Basics of the Cell Cycle
The cell cycle is the process of making new cells. It is composed of multiple phases and occurs within milliseconds. The cell cycle is vital to the creation of cells to help with the body’s functions and keep it alive.
The cell cycle is composed of the following phases:
- Interphase (G1 phase: the cell contents are duplicated, S phase: the DNA is replicated, G2 phase: the parts of the cell that have been copied till now are rechecked)
* Prophase, Metaphase, Anaphase, and Telophase are a part of mitosis
The Beginning Phase
- All of the cell functions are normal
- The cell grows in size and carries on to metabolism
- The chromosomes of the cell are duplicated
- Cells will spend the majority of their time in interphase
- Mitosis is the division of somatic (body) cells
- The result of mitosis is two daughter cells
- This is the longest of all the phases in mitosis
- The chromosomes become visible
- The nuclear membrane disintegrates
- In animal cells, spindles start to form from the centrioles
- In plant cells, spindles form on their own\
- The chromosomes start to line up in the cell
- Centromeres attach to the spindles
- They make sure that each cell gets an exact copy
- The chromosomes that are separated by the spindle fibers start to move and shorten
- This phase begins when the chromosomes reach opposite sides of the cell
- A new nuclear cell membrane starts to form around the chromosome
- The cells begin to prepare for separate existence\
- Cytoplasm division occurs
- The animal’s cells end up forming a “cleavage furrow”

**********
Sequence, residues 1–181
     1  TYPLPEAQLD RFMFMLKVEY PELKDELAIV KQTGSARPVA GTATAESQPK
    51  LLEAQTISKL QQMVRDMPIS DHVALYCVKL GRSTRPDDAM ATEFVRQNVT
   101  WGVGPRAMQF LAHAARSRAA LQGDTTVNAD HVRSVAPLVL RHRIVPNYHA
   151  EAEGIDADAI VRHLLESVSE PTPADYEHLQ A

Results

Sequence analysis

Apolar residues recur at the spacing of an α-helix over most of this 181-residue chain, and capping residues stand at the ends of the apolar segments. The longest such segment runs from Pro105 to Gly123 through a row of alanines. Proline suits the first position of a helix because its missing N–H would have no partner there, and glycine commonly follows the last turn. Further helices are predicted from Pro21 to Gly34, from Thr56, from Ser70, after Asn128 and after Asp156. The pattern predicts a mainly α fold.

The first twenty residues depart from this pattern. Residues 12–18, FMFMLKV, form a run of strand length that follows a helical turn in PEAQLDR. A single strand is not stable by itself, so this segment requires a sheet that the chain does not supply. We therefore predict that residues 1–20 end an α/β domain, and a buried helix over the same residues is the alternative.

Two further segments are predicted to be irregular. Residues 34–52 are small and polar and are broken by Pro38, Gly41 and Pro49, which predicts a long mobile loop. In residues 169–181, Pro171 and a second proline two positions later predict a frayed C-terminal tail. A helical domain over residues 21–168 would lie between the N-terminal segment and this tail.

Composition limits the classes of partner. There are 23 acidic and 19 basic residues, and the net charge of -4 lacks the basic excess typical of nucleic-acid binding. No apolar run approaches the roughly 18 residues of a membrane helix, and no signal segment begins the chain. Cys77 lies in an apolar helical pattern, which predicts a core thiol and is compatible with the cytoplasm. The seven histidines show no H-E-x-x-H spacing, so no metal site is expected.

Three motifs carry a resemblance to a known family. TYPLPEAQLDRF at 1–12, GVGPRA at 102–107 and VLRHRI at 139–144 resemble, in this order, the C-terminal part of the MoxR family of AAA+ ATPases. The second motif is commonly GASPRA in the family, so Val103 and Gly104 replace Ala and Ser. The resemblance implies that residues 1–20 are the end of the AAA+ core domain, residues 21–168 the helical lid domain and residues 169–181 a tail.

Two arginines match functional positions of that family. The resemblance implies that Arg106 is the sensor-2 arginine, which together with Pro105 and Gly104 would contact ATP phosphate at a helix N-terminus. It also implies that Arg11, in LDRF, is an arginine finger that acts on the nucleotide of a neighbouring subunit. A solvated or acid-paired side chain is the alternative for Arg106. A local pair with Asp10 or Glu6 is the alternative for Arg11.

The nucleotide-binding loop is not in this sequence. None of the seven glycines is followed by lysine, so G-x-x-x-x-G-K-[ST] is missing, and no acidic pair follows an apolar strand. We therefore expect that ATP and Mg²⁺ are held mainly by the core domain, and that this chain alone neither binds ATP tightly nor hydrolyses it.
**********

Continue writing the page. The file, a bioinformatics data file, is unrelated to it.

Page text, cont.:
- The plant’s cells end up forming a “cell plate”
End of cycle
- Two genetically identical daughter cells are formed
- The cells are diploid, meaning they contain both pairs of chromosomes
- DNA- stands for deoxyribose nucleic acid
- Deoxyribose sugar- deoxyribose is the sugar used to create DNA
- Nucleic acid- DNA is a form of nucleic acid
- Double helix- this is when there are two strands that are twisted together in a cell
How to make a nucleic acid monomer
- Deoxyribose sugar
- Phosphate (p)
- Nitrogen Base
- The phosphate, deoxyribose sugar, and nitrogen base all connect to each other and form a monomer. Those monomers connect to each other and that’s how the DNA strands are formed.
Complementary base pairs
Guanine pairs with Cytosine and Adenine pairs with Thymine.
There should be the same number of cytosine as there is guanine and the same number of adenine as there is thymine.
For example: 12C=12G and 5A=5T
- DNA is considered antiparallel
- DNA has a 5’ to 3’ side and a 3’ to 5’ side (read the apostrophe as “prime”)
- The top strand is 3’ to 5’
- The bottom strand is 5’ to 3’
DNA Replication Process
- DNA replication helps with the creation of new cells
- The replication of DNA should result in an exact copy of itself
- DNA strands are semiconservative, meaning that DNA is a double helix. Because of this, at the end of the process, the DNA helix will end up with one original strand and one new strand.
- The replication enzymes in DNA replication are:
- Helicase- unzipper (unwinds DNA helix)
- DNA polymerase- copier (copies DNA strands)
- Primase- initializer (guides polymerase)
- Ligase- glue (Fixes gaps in lagging strand)
Steps for DNA Replication
- The DNA unwinds with helicase
- The primase tells the polymerase where to go
- Polymerase is making a new strand for DNA helix. Polymerase only moves in the 3’ to 5’ direction.
- The movement of the polymerase causes gaps on the lagging strand (the 5’ to 3’ strand). The primase needs to back up and tell the polymerase to back up so the strand is copied correctly.
- The primase and polymerase movement causes gaps in the lagging strand. Those fragments are called Okazaki fragments and are filled in ligase enzymes.
- The final DNA has old and one new strand.